TikTok hooks Gen Z on French pension plans


When the garbage mountains piled up in Paris in March, a strange thing happened. Young people around the world started talking about it. For more than three weeks they watched, as the waste piled up and the stench permeated the streets of Paris.

The garbage collectors had stopped work in response to a French Government proposal to raise the minimum retirement age from 62 to 64. A garbage strike in Europe isn’t usually a Gen Z conversation topic on the other side of the world but as Parisiennes held their noses, TikTokers saw an opportunity. They created videos set in, around and on top of the mountains of rubbish. The trend went viral.


#paris #protest #trash

Tiktoker Lev (@yung_city_slick) captured the chaos in a humorous way, striding into and over a pile of rubbish, with the caption “nothing will keep me from moving forward”, to the soundtrack of Edith Piaf singing “non, rien de rien” (no, absolutely nothing). The video has more than 2.8 million views.

“My TikTok didn’t highlight any political problems but it made fun of them,” Lev told Newsworthy. He had not expected the video to "blow up” and had no intention of raising political awareness about the issue around the world. Rather, he wanted to give the people of Paris “something to laugh at” in a “motivational approach” to help them get through the strike.

For three weeks, everything revolved around the daily protests. Designer shops were boarded up and roads and metro stations were closed. Amid this, he admitted to “staying away” from it all.

“The point of protesting is not because of two extra years, but for fighting future battles when it gets raised two years afterwards, maybe more,” he said. “People are releasing anger, and the French way of going about things is through protesting."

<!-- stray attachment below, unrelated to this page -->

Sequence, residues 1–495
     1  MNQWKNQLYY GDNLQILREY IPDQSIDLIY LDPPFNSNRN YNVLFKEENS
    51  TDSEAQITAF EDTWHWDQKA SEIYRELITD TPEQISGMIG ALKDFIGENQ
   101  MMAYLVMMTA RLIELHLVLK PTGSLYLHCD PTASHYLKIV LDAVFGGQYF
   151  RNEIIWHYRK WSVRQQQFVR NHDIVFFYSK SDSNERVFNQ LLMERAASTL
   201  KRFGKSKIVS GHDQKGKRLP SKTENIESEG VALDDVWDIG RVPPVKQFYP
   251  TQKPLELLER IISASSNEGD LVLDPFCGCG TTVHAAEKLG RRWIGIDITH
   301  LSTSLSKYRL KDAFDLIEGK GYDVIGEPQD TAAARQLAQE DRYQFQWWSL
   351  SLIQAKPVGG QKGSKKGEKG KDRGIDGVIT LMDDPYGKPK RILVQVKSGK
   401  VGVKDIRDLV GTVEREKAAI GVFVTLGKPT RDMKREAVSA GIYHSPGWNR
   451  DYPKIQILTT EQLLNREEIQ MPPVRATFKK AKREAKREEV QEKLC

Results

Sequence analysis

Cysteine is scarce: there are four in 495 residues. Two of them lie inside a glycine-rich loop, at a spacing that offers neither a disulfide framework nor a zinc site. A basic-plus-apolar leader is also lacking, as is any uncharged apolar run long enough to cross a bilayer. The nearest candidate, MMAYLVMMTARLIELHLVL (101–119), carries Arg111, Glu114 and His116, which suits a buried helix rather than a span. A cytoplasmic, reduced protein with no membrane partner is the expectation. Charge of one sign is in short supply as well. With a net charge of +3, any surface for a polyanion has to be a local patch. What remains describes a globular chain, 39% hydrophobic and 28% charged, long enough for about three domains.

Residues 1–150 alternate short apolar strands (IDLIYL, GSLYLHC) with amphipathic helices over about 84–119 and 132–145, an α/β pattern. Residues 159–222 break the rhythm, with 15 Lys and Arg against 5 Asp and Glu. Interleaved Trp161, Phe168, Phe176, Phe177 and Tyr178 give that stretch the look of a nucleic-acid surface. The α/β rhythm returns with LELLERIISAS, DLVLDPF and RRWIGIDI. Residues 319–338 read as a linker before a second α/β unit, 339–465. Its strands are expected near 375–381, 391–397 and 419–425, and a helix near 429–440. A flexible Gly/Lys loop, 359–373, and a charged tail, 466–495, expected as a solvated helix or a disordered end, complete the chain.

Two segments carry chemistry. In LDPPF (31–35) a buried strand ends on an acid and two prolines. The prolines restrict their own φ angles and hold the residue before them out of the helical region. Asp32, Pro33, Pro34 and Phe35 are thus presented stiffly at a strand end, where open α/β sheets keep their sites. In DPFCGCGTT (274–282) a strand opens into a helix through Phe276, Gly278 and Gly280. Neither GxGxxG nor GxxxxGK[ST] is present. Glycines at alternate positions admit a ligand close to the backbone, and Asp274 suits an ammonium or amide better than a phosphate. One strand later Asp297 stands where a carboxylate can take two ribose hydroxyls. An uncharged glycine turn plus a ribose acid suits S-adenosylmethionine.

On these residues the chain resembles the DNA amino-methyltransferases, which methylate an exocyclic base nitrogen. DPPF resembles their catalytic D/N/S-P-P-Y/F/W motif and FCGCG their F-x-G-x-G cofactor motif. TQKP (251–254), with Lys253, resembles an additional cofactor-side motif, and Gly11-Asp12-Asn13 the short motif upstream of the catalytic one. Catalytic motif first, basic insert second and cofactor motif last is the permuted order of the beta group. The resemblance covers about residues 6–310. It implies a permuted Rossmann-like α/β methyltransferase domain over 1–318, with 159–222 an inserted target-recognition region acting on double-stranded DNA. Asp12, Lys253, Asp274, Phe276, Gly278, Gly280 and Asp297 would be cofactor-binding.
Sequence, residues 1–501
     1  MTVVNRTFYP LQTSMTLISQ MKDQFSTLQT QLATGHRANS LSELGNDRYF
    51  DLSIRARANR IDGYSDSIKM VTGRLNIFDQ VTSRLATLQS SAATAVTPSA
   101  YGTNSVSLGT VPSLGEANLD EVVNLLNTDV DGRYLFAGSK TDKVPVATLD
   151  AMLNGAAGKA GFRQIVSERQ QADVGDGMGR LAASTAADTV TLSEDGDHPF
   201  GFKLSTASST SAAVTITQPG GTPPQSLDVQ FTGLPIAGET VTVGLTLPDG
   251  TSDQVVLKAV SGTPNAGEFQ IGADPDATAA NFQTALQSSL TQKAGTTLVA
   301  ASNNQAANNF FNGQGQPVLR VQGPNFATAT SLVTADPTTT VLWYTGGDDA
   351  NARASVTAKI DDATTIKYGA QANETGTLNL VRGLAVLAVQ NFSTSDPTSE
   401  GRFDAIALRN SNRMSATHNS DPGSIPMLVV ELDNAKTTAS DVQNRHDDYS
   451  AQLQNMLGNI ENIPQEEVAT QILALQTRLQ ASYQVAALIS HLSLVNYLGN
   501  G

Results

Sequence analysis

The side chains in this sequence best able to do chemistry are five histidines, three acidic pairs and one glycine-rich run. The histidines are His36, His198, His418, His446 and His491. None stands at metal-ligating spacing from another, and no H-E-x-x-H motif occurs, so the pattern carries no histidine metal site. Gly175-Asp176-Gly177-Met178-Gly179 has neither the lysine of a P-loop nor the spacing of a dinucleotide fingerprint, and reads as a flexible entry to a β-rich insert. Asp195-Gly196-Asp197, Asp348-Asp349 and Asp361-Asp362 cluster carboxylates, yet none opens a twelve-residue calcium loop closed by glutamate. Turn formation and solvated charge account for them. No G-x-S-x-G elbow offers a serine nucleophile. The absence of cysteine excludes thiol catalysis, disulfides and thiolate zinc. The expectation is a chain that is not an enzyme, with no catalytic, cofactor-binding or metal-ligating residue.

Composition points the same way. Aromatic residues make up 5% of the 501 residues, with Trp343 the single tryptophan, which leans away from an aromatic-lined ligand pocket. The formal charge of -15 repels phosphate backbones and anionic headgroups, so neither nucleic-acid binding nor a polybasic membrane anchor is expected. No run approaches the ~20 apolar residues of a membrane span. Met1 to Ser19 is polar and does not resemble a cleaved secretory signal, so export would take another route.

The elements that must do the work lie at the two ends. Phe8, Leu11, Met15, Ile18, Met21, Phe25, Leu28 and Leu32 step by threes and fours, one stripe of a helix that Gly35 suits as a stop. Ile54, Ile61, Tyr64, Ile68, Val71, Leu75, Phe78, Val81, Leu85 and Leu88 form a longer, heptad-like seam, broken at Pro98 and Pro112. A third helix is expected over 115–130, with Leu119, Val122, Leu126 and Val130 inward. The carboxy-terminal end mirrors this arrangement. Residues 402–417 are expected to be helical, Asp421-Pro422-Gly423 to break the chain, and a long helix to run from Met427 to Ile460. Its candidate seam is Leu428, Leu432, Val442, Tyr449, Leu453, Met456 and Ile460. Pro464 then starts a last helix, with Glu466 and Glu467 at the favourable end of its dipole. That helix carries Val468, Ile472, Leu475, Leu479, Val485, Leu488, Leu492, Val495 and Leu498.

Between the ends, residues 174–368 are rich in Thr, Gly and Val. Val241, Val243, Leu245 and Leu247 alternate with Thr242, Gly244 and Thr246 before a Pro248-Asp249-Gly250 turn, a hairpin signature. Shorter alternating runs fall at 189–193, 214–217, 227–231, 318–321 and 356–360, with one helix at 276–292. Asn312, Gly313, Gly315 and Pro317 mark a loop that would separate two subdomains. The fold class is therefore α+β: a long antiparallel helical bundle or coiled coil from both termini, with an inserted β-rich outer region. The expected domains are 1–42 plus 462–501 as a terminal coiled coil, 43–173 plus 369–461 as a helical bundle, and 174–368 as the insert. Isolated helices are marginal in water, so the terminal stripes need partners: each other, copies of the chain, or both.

Paris situation March 24th, 2023 🐀 Still la poubelle ville du monde 🚮 All jokes aside, I love Paris no matter what ✨ #parisprotest #trashtok #trashparis #parispoubelle #reformeretraite #paristok #fypparis #paristoday

“A morning walk in Paris”, another TikTok video capturing global attention, was shot by French photographer Jordan Plihal (@lapresqueparisienne), using the caption “Still la poubelle ville du monde (still the garbage can city of the world) with a rat emoji. In an email interview, the photographer explained she wanted to show the “current state of Paris”. It has been viewed 1.4 million times. “As a photographer, I found the contrast between the beauty of Paris and the disgusting trash to be fascinating.”

Plihal said it was important to show Paris from a “personal perspective” as the reality was overlooked by mainstream media and that people engaged with her video because they were “interested to see Paris in a different light”. As she used her TikTok videos to create awareness, she also shared her thoughts on the protests and pension reforms. While she doesn’t agree with the way the pension reform was passed, she does believe it is needed from an economic standpoint.

“Not only are people living longer and are in better health, but at the start of this pension system we had four active workers for each pensioner. As of 2020 this number has dropped to 1.7 active workers for every pensioner. This ratio is continuing to become more unbalanced, and if anyone of younger generations wants any pension at all by the time they retire, we need to reform the system,” she said. “Compared to the majority of countries in the world, France has amazing working conditions and benefits.”

Plihal said that it “breaks her heart” to see the “disrespect” and destruction towards Paris. She said she sympathises with the right to a “peaceful protest” but not when “it becomes dangerous for others to carry on their daily lives, or when the protestors are destroying and burning private property just to break something? … [it’s] a serious societal problem that needs to be addressed.”

As well as the physical inconvenience of piles of rubbish on the pavement, the stench was overwhelming. By the time the union called an end to the strike and the clean-up of more than 10,000 tonnes of rubbish began on April 1, “it was smelling soooo bad!” Plihal said.

For now, the stench is gone, and the attention of Gen Z TikTokers has moved on to the next trend du jour but on the streets of Paris, it may be only a temporary reprieve. The garbage collectors’ union resumed its strike on Thursday ahead of a Friday decision on the pension reform by the Constitutional Council. If the council does not rule against the reform the garbage collectors have warned they will continue their strike indefinitely.


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